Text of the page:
Chafed at the shutdown on Wednesday that caused huge losses to investors, the market regulator Securities and Exchange Board of India (SEBI) is likely to take a dim view of the launch of new products by the National Stock Exchange (NSE). The regulator may put on hold new product approvals sought by the bourse, India’s largest, until its trade capacity increases, said people familiar with the matter.
NSE shut down for nearly four hours on Wednesday, and drew a storm of protests from traders who derided it for lack of transparency. Operators of NSE blamed a telecom network glitch for the trading interruption.
“SEBI may put all new product approvals on hold until it increases the capacity to take trading orders because new products put pressure on the market architecture,” said a person who is intimately aware of the regulator’s plans. The regulator has limited options to tackle NSE’s shortcomings and a delay in permission for launch of new offerings will put pressure on the exchange to invest more on technology, according to this person.
SEBI and NSE declined to comment.
NSE experienced a similar shutdown in 2017— that interruption extended to five hours then— and has again come up short on a backup plan.
The exchange now offers a raft of products and services such as equity market indices trading, equity derivatives, currency derivatives, commodity derivatives, fixed income and debt public issues. In 2019 it emerged as the largest derivatives exchange in the world based on the volume of contracts traded. NSE was also ranked as the second largest exchange in the world in respect of contracts traded in the stock futures and No. 1 in terms of contracts traded in index options and currency futures and options, according to its 2020 Annual Report.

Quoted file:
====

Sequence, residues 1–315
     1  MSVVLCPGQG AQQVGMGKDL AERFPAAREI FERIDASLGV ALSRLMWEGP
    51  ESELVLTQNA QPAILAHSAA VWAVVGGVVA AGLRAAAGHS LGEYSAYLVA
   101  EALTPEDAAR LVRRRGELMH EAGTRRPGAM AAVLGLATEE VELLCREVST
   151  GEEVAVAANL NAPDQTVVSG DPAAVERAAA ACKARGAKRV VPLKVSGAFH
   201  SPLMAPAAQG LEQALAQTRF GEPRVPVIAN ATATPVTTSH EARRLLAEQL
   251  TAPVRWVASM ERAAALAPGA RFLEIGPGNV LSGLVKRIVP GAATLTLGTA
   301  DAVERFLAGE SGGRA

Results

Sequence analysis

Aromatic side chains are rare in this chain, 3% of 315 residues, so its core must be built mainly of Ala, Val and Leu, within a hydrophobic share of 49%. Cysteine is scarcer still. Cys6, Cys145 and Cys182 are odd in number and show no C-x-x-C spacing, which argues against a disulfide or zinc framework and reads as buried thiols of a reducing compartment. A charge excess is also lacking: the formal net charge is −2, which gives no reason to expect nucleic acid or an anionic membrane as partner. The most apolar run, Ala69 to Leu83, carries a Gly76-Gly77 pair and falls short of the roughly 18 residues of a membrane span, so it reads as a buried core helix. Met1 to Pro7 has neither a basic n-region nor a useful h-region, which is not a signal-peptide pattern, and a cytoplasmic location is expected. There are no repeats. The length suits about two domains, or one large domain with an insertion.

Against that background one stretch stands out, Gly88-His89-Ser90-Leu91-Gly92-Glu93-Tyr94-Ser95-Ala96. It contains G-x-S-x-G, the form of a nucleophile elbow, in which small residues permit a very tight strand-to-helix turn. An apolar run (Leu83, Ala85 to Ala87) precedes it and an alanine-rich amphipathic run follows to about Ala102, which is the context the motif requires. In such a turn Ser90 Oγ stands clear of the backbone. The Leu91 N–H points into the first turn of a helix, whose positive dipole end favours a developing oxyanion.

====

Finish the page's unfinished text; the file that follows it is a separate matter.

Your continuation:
Last year, NSE launched commodity futures on bullion and energy. It launched its first agricultural commodity futures contract in December 2020. In January, it unveiled derivatives on the Nifty financial services index. The exchange regularly approves new stocks in the futures and options category to increase volume.
“As an exchange, they (NSE) have not increased their capacity from a long time, and this increases the load on the exchange architecture. If the regulator continues to give new product approvals to exchanges, it creates pressure on exchange servers, especially on volatile days,” said another person who is aware of SEBI’s actions.
SEBI may also institute stringent norms on the order-to-trade ratio (a calculation used to define the relationship between orders or quotes and ompleted transactions) for trading. Algorithm-based trades, a popular tactic of institutional investors and proprietary traders, typically dominates trades on exchanges.
“As a liberal order-to-trade ratio increases the burden on exchange servers, this needs to be discouraged economically. If the regulator discourages an economically high order-to-trade ratio, this reduces pressure on the servers,” said a third person.
Replica index in the works?
SEBI may also create a replica Index of the NSE on alternative exchanges. This is aimed at protecting the interests of investors.
On Wednesday, if an interoperability facility had been available during the trading interruption on NSE, traders could have squared off their positions in individual cash and future stocks on the Bombay Stock Exchange (BSE) or Metropolitan Stock Exchange. But this interoperability facility is not feasible in indices, where most of the trade happens.
A fourth person familiar with SEBI’s thinking told Moneycontrol that the regulator is serious about reviving discussions to make a replica of the Bank Nifty and Nifty on other exchanges as the bank Nifty and Nifty have the highest derivative volume. “SEBI has been discussing replica indices in exchanges but the NSE has opposed this because of the exclusivity of these indices.”
All the four persons didn’t want to be named.
NSE operators resumed trading with extended timing from 3.30 pm to 5 pm on Wednesday. Angry brokers complained that the bourse re-opened to extended timing without informing them.